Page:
Nestled within the charming Mouassine neighborhood, deep in the heart of the historic medina of Marrakech, Morocco, lies a treasure trove of cultural richness and historical significance – the Mouassine Museum. This eloquent museum, known as “Musée de Mouassine” in French and “متحف المواسين” in Arabic, occupies a meticulously restored 16th to 17th-century house, complete with an upper-floor apartment known as a douiria (or dwiriya). This historical jewel has recently transformed into a Museum of Music, featuring an intriguing blend of permanent and temporary exhibits.
A Journey through Time: Unveiling the History
The museum’s captivating history is intertwined with the intricate tapestry of the Mouassine district itself. During the Saadian period, this area underwent significant development in the 16th and early 17th centuries. A pivotal event occurred when Sultan Moulay Abdallah al-Ghalib ordered the Jewish community, which had previously inhabited the district, to relocate to a new Mellah district adjacent to the Kasbah of the city. This strategic move freed up land that was redeveloped into innovative “model” neighborhoods centered around the newly constructed Mouassine Mosque and the adjacent Bab Doukkala Mosque complex.
This urban transformation attracted numerous bourgeois and aristocratic families to establish residences in this district. As a result, the Mouassine neighborhood became a concentration of structures dating back to the Saadian period. Some of these Saadian-era houses, such as Dar Cherifa (formerly Dar Ijimi), Dar al-Mas’udiyyin, and Dar al-Masluhiyyin (also known as Ksour Agafay), have been creatively repurposed into cafés, restaurants, and hotels.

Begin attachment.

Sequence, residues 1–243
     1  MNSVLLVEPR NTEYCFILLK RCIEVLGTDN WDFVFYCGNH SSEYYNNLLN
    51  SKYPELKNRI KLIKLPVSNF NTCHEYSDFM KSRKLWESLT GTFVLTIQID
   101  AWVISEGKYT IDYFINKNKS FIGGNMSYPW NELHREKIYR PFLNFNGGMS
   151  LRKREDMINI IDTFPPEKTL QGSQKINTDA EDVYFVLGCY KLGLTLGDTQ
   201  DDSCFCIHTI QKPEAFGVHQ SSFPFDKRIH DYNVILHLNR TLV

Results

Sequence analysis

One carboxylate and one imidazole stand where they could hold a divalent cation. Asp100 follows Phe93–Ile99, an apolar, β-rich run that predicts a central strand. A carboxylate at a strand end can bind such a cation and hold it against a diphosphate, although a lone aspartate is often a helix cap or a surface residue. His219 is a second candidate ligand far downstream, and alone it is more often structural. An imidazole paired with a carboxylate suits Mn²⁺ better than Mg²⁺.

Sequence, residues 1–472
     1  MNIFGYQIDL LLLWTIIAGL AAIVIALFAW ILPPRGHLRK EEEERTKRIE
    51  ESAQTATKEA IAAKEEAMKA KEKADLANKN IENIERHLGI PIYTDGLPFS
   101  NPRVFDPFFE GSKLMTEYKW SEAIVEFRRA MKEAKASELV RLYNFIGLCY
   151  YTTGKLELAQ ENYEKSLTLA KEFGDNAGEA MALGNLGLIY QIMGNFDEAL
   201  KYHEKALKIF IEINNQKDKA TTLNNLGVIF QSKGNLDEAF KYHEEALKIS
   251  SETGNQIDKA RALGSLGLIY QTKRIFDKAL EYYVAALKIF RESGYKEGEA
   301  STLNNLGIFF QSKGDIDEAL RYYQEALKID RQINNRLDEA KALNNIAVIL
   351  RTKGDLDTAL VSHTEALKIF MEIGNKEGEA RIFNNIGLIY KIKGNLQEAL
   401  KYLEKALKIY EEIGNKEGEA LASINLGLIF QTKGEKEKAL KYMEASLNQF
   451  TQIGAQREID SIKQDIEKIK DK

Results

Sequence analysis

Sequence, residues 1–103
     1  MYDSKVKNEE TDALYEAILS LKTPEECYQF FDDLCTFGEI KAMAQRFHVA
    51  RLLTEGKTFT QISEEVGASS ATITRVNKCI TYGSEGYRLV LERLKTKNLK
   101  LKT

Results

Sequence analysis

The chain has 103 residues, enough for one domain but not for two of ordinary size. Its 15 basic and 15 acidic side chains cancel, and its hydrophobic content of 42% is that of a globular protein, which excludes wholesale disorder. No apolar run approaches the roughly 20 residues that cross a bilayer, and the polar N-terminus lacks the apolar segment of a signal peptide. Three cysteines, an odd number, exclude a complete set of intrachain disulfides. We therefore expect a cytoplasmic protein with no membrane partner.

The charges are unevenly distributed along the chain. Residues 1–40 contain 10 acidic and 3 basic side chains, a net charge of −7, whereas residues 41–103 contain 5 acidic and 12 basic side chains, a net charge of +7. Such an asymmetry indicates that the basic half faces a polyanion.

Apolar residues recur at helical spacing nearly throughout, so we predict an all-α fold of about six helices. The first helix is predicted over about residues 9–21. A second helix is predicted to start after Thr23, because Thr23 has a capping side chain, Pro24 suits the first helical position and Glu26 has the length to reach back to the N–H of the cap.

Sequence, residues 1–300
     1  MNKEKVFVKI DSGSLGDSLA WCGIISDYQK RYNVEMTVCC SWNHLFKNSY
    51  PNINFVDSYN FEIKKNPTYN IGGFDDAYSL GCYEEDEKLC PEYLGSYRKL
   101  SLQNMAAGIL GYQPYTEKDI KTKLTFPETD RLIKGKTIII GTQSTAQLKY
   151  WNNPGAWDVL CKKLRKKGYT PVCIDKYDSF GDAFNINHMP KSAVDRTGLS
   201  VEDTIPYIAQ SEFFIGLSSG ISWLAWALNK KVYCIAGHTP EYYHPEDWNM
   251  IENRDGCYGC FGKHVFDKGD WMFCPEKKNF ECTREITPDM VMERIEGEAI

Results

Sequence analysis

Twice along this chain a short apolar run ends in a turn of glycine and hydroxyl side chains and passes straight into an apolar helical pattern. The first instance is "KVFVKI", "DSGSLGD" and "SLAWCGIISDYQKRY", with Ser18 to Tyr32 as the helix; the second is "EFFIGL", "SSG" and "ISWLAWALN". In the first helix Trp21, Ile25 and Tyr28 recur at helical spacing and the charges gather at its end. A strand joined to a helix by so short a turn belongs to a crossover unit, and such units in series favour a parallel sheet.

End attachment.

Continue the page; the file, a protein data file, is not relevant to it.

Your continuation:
The building now houses the Mouassine Museum and stands proudly next to the southeastern corner of the Mouassine Mosque, along Derb el Hammam Street, named after the mosque’s bathhouse. It comprises a residential home with a douiria, a small upper-floor apartment for guests. This historic structure was constructed in the 1560s by an aristocratic Sharifian family during the heyday of Saadian development. While most of the stucco decoration in the house bears the imprint of the Saadian era, some of the painted sun motifs hint at alterations made during the reign of the Alaouite sultan Moulay Isma’il in the late 17th or early 18th century.